Rafting and camping on the river has always been one of my childhood dreams. Each summer we’d drive into the mountains for our family vacation, and like a kid going to Disney World I’d begin counting down to rafting day. As east-coasters, our primary choices were the Nantahala, Gauley, Ocoee, and a few others. Now as an adult living on the west coast ,the river choices are overwhelming. To add to my overwhelming sensation, I’m now running these rivers in my own raft without a guide telling me which line to pick.
Our morning drive over several mountain passes to the put-in surprised us with considerable amounts of new snow dumping and slowing our progress. Not only did this fresh snow make us late to the show but it also left us wondering if heading into some of Oregon’s remote backcountry in February was such a good idea. Our group would be on our own for 3 days.
When my good buddy Andrew and I rolled up to the put-in, I bet people thought we looked like the Beverly Hillbillies. My cataraft, nearing 20 years young, was not the fanciest boat at the ramp to say the least. Combined with the old raft trailer upon which it sat, we were quite the sight. As we scrambled to ready our raft, strap on dry bags, firewood, and gear, I wondered if anyone was watching me fall over myself while hurriedly improvising with bluejeans after realizing I’d left my warm clothing in a bag at home.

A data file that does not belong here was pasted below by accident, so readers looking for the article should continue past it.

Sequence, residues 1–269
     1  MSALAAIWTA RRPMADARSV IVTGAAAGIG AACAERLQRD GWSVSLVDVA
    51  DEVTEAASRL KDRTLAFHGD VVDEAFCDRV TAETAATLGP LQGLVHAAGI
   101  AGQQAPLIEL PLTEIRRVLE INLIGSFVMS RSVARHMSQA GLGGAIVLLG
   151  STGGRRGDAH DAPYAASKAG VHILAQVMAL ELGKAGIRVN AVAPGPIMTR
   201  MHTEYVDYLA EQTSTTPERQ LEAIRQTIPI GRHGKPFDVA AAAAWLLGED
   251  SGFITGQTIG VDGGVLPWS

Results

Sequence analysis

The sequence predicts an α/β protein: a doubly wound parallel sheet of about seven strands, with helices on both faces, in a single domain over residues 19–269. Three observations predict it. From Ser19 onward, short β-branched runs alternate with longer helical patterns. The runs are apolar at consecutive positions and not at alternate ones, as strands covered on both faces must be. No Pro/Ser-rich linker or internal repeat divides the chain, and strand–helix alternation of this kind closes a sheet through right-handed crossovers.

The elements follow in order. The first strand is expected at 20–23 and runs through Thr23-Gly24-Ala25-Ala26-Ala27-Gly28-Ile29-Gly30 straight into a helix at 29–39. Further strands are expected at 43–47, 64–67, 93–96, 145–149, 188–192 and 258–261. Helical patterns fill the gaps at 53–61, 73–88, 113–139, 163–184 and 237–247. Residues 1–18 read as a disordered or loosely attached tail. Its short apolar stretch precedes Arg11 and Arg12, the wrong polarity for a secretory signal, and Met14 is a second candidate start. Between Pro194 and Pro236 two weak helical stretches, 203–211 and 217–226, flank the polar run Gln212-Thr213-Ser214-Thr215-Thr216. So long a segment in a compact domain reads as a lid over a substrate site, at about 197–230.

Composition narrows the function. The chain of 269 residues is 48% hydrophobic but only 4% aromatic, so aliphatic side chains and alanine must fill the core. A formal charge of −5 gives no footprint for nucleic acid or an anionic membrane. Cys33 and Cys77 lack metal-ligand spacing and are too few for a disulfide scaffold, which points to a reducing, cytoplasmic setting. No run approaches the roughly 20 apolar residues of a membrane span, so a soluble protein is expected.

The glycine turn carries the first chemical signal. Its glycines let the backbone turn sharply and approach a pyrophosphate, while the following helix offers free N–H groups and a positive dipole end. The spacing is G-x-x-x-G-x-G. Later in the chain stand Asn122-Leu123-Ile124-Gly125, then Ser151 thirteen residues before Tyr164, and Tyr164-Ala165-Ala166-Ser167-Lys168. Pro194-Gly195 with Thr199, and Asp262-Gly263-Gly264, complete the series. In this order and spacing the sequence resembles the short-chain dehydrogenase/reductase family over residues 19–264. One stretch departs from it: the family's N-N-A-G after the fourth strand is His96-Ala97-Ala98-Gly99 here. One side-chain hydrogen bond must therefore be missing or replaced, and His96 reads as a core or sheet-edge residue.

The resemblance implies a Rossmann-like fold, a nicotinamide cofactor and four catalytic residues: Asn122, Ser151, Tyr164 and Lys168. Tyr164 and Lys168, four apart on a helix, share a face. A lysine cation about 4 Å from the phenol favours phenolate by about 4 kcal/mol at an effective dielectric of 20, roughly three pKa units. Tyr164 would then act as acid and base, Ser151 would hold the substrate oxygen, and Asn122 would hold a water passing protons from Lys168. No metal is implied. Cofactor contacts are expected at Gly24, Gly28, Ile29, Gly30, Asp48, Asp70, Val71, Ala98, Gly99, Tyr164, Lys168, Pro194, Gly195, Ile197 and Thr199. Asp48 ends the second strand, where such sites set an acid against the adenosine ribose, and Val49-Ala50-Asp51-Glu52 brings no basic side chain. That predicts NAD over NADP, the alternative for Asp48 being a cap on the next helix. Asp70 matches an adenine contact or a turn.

All other boats were in the water as their occupants watched this motley crew back their trailer into the cold, swiftly moving water. The air-filled pontoons plucked our boat from the trailer’s deck, and floated it next to one of the many beautiful new boats in the group. Luck was on our side, most people were in no hurry since the first leg of our trip would be short. The Oregon Whitewater Association is an incredible group of outdoorsmen and women. Many members have vast amounts of experience and are a valuable resource for new boaters. We signed some release forms, listened to the group safety brief, and before we knew it found ourselves rowing in a flotilla down the Deschutes River, in February, in the middle of nowhere, probably without a way to call for help. What were we doing?
To see what happens next, watch the video. This was truly an awesome experience, and watching the video flushes my body with excitement and makes me begin counting the days until our next trip.
“Wild Bill” Warncke did a great job writing about this annual trip in his trip report here: